A Short Conversation with Baudrillard

Jean Baudrillard


Jean Baudrillard threw me for a loop last evening. I had bought his The Conspiracy of Art several years ago, but never quite got into the meat of it...I picked it up again last night, since I remembered he addressed some of the issues I'm currently mulling over, and (attempting) to write about. After last night and this morning; after reading several chapters, I have the following (initial) thoughts.

Baudrillard is adept at illuminating (or delineating, if you will) the problems; the issues...but, like most Modernist anthropologists, refuses to (in fact, cannot) posit or even offer a solution. Cannot, not because he is philosophically or spiritually adverse to any particular solution, but that as a Modernist and, I guess, atheist or at least agnostic, he is adverse to supplying any answers at all, as a basic life-value. It reminds me of the sign, ubiquitous in areas where Quakers are found, which reads "War is not the answer", with which my mind invariably counters, "well, what is the answer?" But of course, like Baudrillard, they (Philadelphia Yearly Meeting, or PYM, the traditional and universalism-leaning branch of the Friends) cannot (and, I think I can say, will not) supply an answer. That is up to the individual -- or otherwise designated party. He is (in my American mind -- Disney-fied, as Baudrillard may say!) a prototypically French thinker, in that he senses deep irony, but will only comment, and is almost completely non-committal -- even, often, to his own conclusions. This, I suppose, is the philosopher mind in him; acting as governor to the social critic. Critically speaking, he is fairly conservative in that regard. Being a much better artist than I am anthropologist, or even social critic, I still agree with much of what Baudrillard has to say -- for example, that art has nearly ceased to exist; has become "null", through its saturated ubiquity, and its continued insistence on transcendence, despite the lack of obvious "form", that is, difference from life -- however, I have to believe that there is a way out of that quandary -- a solution, for a solvable issue. And perhaps its art's ancient answer, in part: keep making, and push through until the seed finally germinates. It's an answer I give myself often enough.

Have any of you read Baudrillard? I'd be fascinated to hear what you think.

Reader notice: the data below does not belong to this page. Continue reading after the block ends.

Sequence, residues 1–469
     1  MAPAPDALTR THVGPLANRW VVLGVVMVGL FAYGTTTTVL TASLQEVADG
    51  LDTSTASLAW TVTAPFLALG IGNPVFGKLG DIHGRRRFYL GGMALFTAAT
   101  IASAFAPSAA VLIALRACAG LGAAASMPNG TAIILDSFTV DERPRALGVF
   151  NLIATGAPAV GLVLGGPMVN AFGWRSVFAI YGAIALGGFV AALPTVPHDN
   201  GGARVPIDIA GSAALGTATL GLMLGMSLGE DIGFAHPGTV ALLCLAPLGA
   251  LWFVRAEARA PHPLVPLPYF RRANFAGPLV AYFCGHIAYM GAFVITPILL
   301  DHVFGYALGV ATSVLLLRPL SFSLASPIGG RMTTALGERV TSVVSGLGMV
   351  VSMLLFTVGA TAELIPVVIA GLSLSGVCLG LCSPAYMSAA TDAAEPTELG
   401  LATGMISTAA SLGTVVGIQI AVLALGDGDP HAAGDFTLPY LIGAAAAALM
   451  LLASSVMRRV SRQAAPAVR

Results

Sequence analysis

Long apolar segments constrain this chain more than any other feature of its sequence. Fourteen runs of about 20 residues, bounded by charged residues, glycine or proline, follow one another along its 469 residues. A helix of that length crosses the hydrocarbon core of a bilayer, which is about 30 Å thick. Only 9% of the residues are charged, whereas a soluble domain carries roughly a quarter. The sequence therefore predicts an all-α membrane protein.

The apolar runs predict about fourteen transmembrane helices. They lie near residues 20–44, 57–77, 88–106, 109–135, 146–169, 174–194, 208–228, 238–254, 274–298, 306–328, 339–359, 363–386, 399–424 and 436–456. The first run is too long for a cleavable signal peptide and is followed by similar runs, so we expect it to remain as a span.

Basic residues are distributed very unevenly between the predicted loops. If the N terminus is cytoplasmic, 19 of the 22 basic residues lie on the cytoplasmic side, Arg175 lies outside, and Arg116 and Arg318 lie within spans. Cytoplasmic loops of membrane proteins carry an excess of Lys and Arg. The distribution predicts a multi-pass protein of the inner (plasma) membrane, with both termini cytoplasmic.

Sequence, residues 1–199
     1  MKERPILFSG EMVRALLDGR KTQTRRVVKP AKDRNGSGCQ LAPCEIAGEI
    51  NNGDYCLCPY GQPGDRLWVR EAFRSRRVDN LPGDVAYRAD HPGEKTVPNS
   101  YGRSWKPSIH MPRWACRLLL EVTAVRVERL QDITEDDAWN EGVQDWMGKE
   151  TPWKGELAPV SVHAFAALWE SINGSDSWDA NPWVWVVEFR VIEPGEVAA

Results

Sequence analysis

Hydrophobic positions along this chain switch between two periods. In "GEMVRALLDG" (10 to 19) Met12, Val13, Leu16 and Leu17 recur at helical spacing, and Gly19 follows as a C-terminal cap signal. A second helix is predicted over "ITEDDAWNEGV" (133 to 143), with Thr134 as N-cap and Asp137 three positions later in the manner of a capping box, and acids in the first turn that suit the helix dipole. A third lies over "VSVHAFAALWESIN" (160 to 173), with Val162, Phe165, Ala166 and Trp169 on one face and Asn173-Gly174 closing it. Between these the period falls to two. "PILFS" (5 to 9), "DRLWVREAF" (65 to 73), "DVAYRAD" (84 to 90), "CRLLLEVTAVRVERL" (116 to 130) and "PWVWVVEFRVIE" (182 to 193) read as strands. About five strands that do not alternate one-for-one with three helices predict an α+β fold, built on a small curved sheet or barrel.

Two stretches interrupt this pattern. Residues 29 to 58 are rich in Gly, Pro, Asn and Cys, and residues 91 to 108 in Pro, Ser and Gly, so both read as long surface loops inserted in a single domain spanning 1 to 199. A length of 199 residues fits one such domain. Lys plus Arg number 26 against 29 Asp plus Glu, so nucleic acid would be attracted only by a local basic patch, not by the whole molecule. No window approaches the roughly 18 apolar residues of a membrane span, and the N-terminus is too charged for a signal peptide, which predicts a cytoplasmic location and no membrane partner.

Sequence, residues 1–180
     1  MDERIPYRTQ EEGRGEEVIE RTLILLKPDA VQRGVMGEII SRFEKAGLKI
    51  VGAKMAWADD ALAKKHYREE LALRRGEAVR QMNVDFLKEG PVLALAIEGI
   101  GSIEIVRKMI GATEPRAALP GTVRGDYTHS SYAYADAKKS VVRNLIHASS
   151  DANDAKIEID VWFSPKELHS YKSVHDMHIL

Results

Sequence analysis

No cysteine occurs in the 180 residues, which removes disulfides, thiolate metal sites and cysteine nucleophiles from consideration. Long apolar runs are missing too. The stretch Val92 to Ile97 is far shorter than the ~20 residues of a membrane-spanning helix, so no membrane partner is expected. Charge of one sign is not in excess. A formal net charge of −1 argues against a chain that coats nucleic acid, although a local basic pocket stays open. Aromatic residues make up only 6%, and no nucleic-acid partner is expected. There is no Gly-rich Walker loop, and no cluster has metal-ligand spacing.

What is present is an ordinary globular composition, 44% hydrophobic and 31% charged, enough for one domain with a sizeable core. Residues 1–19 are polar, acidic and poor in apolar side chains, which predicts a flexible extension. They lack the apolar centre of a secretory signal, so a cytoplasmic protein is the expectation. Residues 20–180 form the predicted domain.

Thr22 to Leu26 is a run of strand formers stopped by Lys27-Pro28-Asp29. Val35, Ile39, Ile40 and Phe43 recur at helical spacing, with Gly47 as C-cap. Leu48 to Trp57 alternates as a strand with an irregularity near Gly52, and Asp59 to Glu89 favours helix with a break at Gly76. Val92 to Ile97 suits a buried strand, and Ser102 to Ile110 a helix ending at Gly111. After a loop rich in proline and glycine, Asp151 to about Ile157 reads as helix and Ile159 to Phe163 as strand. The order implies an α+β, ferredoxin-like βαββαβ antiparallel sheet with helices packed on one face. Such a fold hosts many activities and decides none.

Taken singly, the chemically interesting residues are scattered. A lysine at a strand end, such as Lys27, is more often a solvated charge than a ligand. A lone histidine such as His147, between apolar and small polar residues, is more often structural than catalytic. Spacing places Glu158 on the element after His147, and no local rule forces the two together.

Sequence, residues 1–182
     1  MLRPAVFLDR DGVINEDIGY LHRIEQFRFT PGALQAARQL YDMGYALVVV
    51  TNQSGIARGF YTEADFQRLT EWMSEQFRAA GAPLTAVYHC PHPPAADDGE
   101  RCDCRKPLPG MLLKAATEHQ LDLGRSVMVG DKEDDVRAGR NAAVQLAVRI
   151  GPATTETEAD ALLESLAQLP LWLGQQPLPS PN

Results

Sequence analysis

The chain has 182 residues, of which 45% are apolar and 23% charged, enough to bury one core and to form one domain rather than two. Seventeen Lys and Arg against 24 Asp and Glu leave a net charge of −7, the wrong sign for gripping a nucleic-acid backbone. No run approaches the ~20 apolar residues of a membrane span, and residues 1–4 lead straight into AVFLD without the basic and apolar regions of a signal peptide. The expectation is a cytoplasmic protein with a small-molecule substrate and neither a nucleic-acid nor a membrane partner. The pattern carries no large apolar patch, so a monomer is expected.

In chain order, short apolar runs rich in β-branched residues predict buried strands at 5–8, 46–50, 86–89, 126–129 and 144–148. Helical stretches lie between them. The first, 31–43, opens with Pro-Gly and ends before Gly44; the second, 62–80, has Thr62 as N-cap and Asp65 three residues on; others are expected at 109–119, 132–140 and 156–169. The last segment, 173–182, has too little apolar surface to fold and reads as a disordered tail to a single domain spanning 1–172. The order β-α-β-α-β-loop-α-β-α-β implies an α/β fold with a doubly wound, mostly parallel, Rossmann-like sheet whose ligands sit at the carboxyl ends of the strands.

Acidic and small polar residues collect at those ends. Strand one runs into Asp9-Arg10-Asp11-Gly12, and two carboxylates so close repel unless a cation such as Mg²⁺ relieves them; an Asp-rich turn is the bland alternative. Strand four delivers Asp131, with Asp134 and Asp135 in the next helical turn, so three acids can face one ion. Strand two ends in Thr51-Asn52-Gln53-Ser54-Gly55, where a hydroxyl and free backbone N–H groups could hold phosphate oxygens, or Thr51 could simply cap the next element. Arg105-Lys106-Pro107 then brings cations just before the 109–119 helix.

Crystal  – (Tuesday, 15 March, 2011)  

I read Baudrillard in Lit Crit last year and just read a book chapter on style in popular culture for my Digital Rhetoric class that referenced him. I don't think it relates directly to your post, but they quoted a statement from B's "Ecstasy," which says: "Images have become our true sex object, the object of our desire. The obscenity of our culture resides in the confusion of desire and its equivalent materialized in the image." I think elsewhere the author referenced Baudrillard's assertion that everything has become image--all signifiers and no signs. I'm not sure I'd take it that far, and the author didn't either, but he's still really interesting.

gierschickwork  – (Wednesday, 23 March, 2011)  

Thanks for your thoughts, Crystal. He certainly is interesting reading...a particular thrust of his writing (which I'm picking up on) is this pushing of a theme to its limit, even if it seems illogical; to the point where it nearly collapses back on itself (i.e. the "all signifiers and no signs", or "art is null"), and seeing what the result is. Perhaps someone needs to do this, to allow room for more "temperate" voices to pull back from that edge, and delineate exactly how far and how deep an issue/problem/condition might actually be? I'm not sure yet.

adonis  – (Friday, 30 December, 2011)  

Read this:

http://insomnia.ac/commentary/on_the_genealogy_of_art_games/

The first few paragraph may alienate you, because they are about an artform you are probably not familiar with (videogames), but the rest is pure gold and answers all your questions. Enjoy.

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